• Location: just south of Doncaster, Sth Yorks
    Thank you very much again Josh, And that site i have bookmarked for information and to read over in more detail B)

    And the lowering and highering Tropopause makes also due to the expansion and contraction of heat and cold ? Would that be correct?

    Josh!

    very simply yes but like all things to do with the weather its rather complex.

    Warm air beneath the Trop and it makes the Trop higher and vice verca

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    • 3 weeks later...
    Posted
  • Location: Norwich, Norfolk, East Anglia
  • Weather Preferences: Sunny, stormy and I don't dislike rain only cold
  • Location: Norwich, Norfolk, East Anglia
    quite right it is 700mb not 70, finger trouble again, and I put it through spell check!

    missed the bit about tropopause so will do that in a tic

    we live in the Troposphere, which is where all our weather occurs.

    The height of the top, called the Tropopause is dependent on how warm the Tropshere is. Thus the Trop in winter is lower than in summer. A very rough guide for the UK is

    20-25000ft in winter and 35-40000ft in summer.

    In the tropics its nearer 60000ft.

    at the poles maybe 12000ft.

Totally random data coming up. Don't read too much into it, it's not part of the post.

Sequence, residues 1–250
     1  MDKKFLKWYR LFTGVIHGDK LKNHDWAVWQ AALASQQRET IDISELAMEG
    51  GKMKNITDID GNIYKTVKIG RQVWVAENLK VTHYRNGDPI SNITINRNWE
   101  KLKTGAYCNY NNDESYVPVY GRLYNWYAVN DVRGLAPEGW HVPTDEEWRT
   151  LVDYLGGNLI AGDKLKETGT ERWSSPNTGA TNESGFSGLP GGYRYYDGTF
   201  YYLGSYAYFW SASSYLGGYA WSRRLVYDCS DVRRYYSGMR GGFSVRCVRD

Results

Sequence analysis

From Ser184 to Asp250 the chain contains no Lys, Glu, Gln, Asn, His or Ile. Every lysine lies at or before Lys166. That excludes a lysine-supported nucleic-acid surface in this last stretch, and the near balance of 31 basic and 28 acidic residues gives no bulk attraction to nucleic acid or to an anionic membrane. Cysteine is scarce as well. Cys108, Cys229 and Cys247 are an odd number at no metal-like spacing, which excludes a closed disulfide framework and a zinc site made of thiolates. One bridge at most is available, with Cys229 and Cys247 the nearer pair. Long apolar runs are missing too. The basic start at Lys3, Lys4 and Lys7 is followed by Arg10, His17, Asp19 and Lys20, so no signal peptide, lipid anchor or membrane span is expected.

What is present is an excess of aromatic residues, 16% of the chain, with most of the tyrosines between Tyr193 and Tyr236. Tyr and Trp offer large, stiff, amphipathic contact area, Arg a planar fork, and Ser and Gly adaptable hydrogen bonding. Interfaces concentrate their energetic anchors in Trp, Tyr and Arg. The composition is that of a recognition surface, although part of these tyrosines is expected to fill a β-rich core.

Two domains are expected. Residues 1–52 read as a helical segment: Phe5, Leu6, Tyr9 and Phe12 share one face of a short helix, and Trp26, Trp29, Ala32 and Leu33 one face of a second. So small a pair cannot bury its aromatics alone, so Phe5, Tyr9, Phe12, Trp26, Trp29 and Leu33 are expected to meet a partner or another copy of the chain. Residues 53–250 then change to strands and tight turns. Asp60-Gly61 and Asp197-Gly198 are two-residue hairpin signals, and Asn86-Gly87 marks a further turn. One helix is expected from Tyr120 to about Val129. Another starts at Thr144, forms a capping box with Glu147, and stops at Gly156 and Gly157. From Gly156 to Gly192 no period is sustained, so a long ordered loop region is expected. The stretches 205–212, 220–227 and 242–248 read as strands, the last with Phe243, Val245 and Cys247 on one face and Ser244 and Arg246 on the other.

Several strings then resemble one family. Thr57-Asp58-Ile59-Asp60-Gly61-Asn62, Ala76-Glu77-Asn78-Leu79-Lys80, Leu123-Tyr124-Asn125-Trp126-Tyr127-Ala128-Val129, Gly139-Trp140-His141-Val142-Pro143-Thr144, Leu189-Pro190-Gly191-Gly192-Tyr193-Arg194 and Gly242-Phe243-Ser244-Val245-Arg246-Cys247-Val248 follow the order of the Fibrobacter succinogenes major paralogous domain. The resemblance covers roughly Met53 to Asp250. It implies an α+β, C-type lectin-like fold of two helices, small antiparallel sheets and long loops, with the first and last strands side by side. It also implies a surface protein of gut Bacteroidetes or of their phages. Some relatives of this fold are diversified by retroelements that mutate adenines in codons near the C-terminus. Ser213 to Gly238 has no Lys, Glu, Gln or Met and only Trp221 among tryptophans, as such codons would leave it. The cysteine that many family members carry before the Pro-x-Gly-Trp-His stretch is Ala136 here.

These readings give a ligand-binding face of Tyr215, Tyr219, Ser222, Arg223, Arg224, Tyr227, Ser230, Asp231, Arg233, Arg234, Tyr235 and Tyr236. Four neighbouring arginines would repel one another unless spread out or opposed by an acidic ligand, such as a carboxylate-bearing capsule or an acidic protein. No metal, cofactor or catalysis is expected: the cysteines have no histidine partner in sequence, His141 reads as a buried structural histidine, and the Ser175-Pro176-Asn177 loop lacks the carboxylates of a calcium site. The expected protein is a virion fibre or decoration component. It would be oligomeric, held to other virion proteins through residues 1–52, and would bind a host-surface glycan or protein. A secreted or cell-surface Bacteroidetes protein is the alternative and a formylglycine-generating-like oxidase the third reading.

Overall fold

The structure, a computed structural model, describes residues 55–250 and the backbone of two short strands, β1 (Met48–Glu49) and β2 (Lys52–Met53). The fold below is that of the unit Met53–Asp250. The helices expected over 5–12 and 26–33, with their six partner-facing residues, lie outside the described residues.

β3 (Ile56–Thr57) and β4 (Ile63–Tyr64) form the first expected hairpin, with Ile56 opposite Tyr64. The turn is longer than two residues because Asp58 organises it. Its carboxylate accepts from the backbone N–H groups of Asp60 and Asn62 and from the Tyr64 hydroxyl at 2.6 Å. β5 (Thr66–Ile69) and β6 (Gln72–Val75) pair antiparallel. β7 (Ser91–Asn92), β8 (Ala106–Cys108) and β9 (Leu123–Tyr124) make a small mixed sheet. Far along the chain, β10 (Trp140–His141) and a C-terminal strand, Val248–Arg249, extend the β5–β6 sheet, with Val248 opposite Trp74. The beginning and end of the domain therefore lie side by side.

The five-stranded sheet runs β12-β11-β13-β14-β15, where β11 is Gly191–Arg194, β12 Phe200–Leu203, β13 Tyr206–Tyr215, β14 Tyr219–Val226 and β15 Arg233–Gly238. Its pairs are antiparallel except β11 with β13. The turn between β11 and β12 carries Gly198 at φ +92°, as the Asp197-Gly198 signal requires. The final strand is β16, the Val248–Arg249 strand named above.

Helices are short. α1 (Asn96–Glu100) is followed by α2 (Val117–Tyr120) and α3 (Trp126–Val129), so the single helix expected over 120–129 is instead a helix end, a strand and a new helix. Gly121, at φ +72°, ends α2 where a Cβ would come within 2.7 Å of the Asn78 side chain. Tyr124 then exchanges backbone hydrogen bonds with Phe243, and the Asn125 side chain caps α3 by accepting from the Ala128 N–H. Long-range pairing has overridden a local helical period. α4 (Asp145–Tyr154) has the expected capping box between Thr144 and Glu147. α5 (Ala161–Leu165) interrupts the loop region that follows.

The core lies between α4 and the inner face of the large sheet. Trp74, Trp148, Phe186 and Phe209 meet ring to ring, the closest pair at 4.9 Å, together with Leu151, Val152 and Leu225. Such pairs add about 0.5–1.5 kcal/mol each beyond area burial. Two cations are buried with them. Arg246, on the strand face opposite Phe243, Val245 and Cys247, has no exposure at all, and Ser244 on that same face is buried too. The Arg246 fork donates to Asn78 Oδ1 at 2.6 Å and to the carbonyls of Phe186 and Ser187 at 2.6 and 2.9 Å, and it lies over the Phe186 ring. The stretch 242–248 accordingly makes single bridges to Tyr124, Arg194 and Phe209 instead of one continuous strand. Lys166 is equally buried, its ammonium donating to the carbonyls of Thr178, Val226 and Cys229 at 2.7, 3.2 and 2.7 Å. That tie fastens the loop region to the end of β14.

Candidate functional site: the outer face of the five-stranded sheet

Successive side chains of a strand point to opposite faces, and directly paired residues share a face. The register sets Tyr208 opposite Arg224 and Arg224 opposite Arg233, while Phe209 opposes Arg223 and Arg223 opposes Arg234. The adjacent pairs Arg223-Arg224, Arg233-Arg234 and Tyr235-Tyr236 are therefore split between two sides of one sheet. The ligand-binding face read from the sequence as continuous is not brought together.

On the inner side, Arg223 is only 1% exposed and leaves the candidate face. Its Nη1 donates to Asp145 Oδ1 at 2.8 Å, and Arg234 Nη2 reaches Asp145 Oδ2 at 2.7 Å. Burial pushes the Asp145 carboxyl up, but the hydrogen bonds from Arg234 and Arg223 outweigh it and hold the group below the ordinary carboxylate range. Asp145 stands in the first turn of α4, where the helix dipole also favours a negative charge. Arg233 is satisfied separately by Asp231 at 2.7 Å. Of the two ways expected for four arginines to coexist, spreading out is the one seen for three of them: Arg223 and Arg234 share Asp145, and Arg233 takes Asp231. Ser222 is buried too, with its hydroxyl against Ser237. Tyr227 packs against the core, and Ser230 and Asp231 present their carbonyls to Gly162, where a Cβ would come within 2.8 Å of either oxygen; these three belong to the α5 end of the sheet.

something else which often gets mentioned on the site is the jet stream.

    This occurs just below the Trop and is one of the main 'movers' if you like of the weather systems, highs and lows in our climatic zone, which is the Temperate zone, sub divided into the Oceanic Temperate some call it.

    Jet streams also occur in some of the other Climatic Zones around the world.

    If you want fairly quick answers to most things meteorological then try this site

    http://booty.org.uk/booty.weather/metindex.htm

    an ex colleague and has a wealth of data about meteorology. No hype just facts.

    You could also read our Guides?

    Tell me when you have read all of them and every a-z on Martins' site!

    I see! I've looked at US skew T in comparison to UK Skew T and have been wondering why their cloud tops have the potential to go higher than ours certainly more often I guess especially when there is significant cape.

    The majority of the time the highest saturation point on the UK skew t is 200mb then the temp ELR line higher than 200mb tends to go along at the same temp and theres no way convection can go higher than that. Also the highest cap I've observed so far when cape is present is about 350mb. where as the US Skew t like in the one illustrated the cap reaches about 160mb! Also the SALR lines seem to bulge out more than the UK SALR. So I guess their tropopause is higher than ours? Does the tropopause over the UK ever go as high as the one over the US? I haven't been reading Skew T charts for that long so not ever seen the charts in a heatwave.

    post-7331-1187378319_thumb.png

    post-7331-1187378425_thumb.png

    post-7331-1187378481_thumb.png

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    Posted
  • Location: Rochester, Kent
  • Location: Rochester, Kent

    The way I think about hPa (aka millibars) is to think of it as the measure of the quantity of air above your head. The higher the hPa the more air above your head. I find it very useful to think in this way especially when thinking about some of the more mind-bending aspects of meteorology.